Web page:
The latest chapter in the U.S. fiscal drama – rejection and then subsequent passage of the government’s purported bailout/rescue measure – underlines the critical roles both negotiation and trust play in effective leadership. Sound leadership is often bolstered by artful negotiation skills, whether selling an idea, an approach or tangible product. Integrity, credibility and trust are crucial components. While the absence of one can undermine a leader’s effectiveness, the absence of both – real or perceived – can completely derail a leader, team, or even an entire organization. I was frankly surprised by how surprised our political leaders seemed to be in the wake of the bill’s failure. I’ve spoken before about negotiation. One of the basic tenets is to know your audience and have an understanding of probable outcomes. Ask yourself: What is the best deal I could realistically achieve in this negotiation? What is the likely outcome of the negotiation? What is the limit of my authority? One should also consider: What are the intended outcomes and interests? What are the possible outcome and interests? What is my Plan B? What is my worst case scenario? Our political leaders may be becoming dangerously arrogant at worst, disconnected at best. It doesn’t appear that anyone seriously considered meaningful objection to the bailout plan. Successful leaders simply cannot afford this lack of preparedness, foresight or connection with their teams. We cannot bully our people into following; we must earn that right through clear, consistent and effective leadership. It all boils down to really understanding that any credible definition of leadership must include the word “influence” in it. Integrity and...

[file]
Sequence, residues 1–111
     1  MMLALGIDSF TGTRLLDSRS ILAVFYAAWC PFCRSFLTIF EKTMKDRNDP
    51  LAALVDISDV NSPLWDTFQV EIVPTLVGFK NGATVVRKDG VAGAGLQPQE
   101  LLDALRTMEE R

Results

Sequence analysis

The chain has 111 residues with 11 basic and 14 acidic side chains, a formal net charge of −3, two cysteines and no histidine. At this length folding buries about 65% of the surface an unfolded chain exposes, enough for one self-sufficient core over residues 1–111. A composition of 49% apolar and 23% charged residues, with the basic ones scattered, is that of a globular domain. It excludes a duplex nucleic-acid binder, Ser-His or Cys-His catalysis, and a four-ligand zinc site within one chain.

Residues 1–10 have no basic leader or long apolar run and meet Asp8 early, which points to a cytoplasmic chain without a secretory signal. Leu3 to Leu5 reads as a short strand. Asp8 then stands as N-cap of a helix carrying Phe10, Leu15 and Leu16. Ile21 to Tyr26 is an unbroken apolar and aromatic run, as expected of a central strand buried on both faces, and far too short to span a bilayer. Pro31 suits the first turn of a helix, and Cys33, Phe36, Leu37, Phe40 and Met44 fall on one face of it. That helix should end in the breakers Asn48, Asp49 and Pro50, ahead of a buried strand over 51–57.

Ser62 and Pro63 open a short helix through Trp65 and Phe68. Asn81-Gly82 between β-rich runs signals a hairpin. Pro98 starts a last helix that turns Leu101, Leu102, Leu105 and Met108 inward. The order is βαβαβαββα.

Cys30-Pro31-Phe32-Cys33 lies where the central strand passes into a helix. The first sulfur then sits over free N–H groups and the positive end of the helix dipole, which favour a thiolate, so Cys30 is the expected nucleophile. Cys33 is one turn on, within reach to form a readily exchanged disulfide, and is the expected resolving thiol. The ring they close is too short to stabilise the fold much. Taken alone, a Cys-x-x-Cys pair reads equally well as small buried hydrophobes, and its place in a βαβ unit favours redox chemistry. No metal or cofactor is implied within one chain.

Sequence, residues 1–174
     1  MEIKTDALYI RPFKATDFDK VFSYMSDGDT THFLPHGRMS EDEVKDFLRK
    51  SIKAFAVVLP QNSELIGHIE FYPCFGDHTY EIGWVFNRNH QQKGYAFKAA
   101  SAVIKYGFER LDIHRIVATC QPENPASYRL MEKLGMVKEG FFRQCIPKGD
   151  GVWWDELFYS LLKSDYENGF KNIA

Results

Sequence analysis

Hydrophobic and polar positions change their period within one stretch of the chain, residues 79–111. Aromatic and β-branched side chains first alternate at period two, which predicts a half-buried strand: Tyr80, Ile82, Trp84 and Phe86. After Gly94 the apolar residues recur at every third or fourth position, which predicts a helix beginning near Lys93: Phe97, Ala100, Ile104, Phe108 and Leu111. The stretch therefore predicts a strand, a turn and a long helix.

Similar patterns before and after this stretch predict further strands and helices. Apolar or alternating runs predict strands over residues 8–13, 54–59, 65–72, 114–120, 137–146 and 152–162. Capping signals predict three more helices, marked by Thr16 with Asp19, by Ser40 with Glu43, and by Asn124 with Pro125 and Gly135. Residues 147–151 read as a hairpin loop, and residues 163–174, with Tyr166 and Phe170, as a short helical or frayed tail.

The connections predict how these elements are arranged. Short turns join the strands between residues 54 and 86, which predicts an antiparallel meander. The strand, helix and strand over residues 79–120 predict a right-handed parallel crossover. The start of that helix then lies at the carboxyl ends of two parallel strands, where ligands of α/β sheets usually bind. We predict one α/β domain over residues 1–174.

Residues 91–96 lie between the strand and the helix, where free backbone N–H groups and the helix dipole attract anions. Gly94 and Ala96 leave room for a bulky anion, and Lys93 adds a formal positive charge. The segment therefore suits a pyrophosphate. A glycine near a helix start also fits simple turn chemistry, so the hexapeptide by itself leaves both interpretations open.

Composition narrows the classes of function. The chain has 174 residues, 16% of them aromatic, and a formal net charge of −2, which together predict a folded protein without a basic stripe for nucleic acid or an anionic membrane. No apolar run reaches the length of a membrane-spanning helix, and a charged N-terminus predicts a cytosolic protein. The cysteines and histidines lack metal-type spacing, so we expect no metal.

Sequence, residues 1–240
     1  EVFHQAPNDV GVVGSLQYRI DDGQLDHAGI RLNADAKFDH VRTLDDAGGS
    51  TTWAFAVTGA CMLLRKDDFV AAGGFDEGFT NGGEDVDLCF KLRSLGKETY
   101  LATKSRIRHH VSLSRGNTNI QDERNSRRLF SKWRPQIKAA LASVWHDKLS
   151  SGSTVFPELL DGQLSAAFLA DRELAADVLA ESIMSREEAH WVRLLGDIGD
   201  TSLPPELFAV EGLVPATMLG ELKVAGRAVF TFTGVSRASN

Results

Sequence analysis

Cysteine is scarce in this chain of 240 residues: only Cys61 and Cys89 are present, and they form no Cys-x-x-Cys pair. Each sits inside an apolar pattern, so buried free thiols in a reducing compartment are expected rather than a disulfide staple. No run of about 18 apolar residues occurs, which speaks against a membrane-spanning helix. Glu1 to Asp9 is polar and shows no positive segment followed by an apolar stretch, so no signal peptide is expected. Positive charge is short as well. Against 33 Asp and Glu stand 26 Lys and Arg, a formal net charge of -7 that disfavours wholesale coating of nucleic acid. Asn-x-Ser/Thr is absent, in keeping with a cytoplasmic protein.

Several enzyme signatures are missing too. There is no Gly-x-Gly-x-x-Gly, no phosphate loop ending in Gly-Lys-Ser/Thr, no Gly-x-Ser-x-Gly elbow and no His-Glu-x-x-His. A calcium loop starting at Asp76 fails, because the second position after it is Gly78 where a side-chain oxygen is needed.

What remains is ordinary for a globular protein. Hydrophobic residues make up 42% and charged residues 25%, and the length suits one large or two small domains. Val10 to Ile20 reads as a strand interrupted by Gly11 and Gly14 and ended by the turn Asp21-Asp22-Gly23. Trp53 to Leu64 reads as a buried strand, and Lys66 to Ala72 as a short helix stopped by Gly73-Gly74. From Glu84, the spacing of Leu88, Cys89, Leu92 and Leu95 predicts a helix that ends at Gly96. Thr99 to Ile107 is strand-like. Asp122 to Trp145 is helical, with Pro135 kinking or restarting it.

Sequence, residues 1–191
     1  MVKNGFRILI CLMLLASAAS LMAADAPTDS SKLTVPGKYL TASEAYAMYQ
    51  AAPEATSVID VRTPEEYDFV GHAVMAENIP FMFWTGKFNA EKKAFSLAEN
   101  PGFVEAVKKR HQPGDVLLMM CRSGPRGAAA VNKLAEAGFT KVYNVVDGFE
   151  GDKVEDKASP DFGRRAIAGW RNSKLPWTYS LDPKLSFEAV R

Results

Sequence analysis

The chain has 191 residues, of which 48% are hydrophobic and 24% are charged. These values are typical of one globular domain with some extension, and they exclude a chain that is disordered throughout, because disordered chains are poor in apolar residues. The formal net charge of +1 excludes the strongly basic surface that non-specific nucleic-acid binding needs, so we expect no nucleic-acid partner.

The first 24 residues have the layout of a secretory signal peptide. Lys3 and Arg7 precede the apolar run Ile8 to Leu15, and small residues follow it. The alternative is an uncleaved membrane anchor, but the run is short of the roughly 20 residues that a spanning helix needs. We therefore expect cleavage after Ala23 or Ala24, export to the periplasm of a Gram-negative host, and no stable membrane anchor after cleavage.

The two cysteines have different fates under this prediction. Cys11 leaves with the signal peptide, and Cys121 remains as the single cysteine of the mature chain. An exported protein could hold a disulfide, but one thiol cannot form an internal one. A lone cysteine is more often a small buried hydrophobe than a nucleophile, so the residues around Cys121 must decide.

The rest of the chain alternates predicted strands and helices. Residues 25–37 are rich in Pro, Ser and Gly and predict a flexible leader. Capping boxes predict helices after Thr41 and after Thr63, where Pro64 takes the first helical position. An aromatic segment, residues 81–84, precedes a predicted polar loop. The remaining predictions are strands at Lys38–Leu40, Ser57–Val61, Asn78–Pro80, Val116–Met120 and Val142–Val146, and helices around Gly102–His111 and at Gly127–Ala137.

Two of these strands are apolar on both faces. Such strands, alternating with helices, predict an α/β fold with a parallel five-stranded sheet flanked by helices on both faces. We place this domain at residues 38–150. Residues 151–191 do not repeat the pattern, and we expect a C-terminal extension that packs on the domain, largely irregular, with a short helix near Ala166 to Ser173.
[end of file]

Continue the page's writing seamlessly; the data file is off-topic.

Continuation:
Conceding to Win

A Sign Originally uploaded by fensterbme We all like to win. After all, be it in personal life or business, it’s better to win than to lose. The trick is to recognize the best path to victory. And often, this path is not always as clear as one might think. In the course of business, you cannot underestimate the importance of or the art of negotiation. And by negotiations, I do not mean specifically things such as contract terms with suppliers, co-marketing agreements with partners, revenue-sharing arrangements with service providers, or the like. I mean the day-to-day negotiations required to help you achieve your outcomes. For example, in the course of doing my everyday job, I am constantly involved in the “give and take” of much more mundane business happenings. These may include setting sales targets for employees, making a business case to management for the need for additional headcount, determining who will have responsibility for certain tasks or outcomes, etc. Now to be very clear, all of these examples involve negotiations of sorts. Keeping our inherent desire to win in mind, it is easy to see how negotiations can appear more combat-like with both sides wanting to come out victorious and doing what they must in order to achieve that outcome. However, perceptive leaders and experienced negotiators recognize that the outcome of any individual skirmish does not indicate the outcome of the broader battle. In fact, in considering negotiation strategies, it is best to understand what your most important requirements are [“must haves”] and be sure to focus on achieving them so as to reap the benefits of...